Major carbon emitting firms face legal action in the Philippines

In a landmark case, the Philippines Commission on Human Rights is investigating 47 ‘carbon majors’ for their impact on climate change.

Jumat, 23 Des 2016 14:39 WIB

Climate change activists rally against carbon producers. (Photo courtesy of Green Peace South East A

Climate change activists rally against carbon producers. (Photo courtesy of Green Peace South East Asia)

 

In a landmark case, the Philippines Commission on Human Rights is investigating  47 ‘carbon majors’ for their impact on climate change.

Stakeholders want the companies to be held accountable for their carbon emissions.

Madonna Virola has more.



  

Rosemari Trajano is the secretary general of the Philippine Alliance of Human Rights Advocates, one of the 14 petitioning organizations at the heart of this case.

A historic petition filed to the national Commission on Human Rights, or the CHR, against 47 carbon majors – that is 47 companies with huge carbon emissions. Companies like Chevron, ExxonMobil, BP and Shell.

Those who signed say these carbon majors should be held liable for their emissions.

“It is important to understand how climate change affects human rights, like food, health, life, livelihood. This has a big impact on the next generations.”

Rosemari continued, “The United Nations has guidelines for states and companies on business and human rights. It ensures mechanisms to have redress and compensation on victims of violators of the environment.”

Together with Greenpeace Southeast Asia, the petitioners have researched several cases they say shows how climate change and carbon emissions impact human rights.

The Philippines is an archipelago of more than 7,000 islands and one of the countries in the world that is most vulnerable to the impacts of climate impacts.

Lerissa Libao from Quezon province, northern Philippines, explains why she signed. 

“It’s through fulltime farming that we were able to have all our five children graduate from college. Until extreme heat and cold have destroyed our vegetable and fruit production. 

“We have turned to organic farming and government assistance but it is not enough. We decided to join the petition to see corporations implement environment-friendly practices that care for the next generations,” Lerissa says.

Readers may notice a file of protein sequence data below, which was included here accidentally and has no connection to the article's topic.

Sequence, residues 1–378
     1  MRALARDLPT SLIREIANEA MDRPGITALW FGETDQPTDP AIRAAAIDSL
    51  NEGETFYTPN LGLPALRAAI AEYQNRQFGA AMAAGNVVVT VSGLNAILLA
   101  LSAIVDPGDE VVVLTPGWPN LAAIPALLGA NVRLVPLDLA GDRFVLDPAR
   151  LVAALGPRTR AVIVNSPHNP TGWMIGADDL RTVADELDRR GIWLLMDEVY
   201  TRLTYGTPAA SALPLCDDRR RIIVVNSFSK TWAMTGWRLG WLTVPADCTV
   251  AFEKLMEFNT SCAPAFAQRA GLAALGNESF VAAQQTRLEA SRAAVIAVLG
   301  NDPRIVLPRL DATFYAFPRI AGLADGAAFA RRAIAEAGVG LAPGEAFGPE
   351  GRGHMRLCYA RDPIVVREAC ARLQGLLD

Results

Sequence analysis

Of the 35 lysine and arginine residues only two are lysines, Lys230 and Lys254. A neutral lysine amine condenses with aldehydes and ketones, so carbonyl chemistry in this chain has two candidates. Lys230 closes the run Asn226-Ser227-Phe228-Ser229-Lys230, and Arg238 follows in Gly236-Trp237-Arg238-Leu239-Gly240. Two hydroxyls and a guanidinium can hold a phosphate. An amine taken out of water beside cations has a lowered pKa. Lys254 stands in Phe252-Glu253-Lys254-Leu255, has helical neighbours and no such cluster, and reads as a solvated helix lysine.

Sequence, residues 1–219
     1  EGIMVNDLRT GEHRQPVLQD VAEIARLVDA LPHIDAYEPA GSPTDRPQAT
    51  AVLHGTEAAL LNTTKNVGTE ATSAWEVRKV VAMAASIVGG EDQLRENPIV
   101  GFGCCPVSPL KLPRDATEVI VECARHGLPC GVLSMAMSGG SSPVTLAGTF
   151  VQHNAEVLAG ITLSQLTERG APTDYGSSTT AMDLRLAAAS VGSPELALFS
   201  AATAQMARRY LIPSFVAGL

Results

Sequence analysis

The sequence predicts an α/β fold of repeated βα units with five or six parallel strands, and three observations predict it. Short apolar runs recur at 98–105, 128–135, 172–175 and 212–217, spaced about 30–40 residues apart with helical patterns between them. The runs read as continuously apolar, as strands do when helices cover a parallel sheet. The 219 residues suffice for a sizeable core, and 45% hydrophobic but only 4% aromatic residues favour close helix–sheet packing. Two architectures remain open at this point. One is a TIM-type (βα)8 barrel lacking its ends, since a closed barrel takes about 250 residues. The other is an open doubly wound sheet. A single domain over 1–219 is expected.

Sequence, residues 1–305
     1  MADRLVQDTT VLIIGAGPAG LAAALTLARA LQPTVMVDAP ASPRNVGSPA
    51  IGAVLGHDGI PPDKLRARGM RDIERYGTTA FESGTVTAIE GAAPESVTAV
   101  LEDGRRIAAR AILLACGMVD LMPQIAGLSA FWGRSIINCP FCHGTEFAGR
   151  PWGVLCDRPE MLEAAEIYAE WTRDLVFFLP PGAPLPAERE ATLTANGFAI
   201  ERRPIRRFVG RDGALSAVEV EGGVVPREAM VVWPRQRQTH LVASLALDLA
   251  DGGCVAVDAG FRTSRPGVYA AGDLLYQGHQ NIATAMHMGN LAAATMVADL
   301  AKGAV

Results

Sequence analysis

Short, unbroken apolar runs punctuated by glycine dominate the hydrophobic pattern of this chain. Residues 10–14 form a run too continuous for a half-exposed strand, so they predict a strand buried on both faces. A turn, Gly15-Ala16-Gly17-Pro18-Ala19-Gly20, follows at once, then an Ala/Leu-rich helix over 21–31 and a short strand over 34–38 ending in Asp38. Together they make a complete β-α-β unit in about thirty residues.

In July this year, the CHR asked oil, coal, mining and cement companies to comment on, or answer the human rights allegations made in the petition.

Almost half have responded, including questions on jurisdiction, with an extension of the first original deadline. Petitioners will submit their consolidated reply this February.

Robert Cadiz is a commissioner leading the hearing of the petition. I got him on the phone in his busy schedule from Manila to find out more.  

“CHR will be calling its own independent witnesses to help us understand the issues, because climate change is a new field for us and we want to be able to hear other parties aside from the witnesses of both sides which must be regarded as partisan. 

“The issues that we will be listening to are not just climate issues but also legal issues concerning jurisdiction, legal theories that connect climate change to human rights. There’s no legal precedent that we can look at which we can use as a model in pursuing this case,” explained Cadiz.

The full legal investigation is scheduled on April 2017 and will webcasted because of its global significance. 

Commissioner Cadiz see prospects in the case.

“Essentially, this is not an adversarial proceeding, a confrontational process where at end of the day you have a winner and a loser because that is not the mandate of CHR, but more a mandate of regular courts.”

“We see here a more collaborative process, more of a dialogue or a discourse where parties at end of the proceeding will be able to come up with an agreement as to ways forward whether in terms of policies that the governments can adopt or weather in terms of procedures, companies can come up to mitigate carbon emissions, Cadiz stated.

Greenpeace says this case is one of the many people-powered legal initiatives around the globe, from indigenous peoples in Canada, to farmers in Peru and Pakistan.

 In June this year, the Netherlands’ high court ruled on the world’s first climate liability suit, ordering the Dutch government to take stronger action against climate change to better protect its citizens.

The case reminded me of the words of Filipino climate change champion Yeb Sano, who I met earlier this year.

“As long as companies and governments fail to act on climate change,” he says, “Every day is human rights day.”

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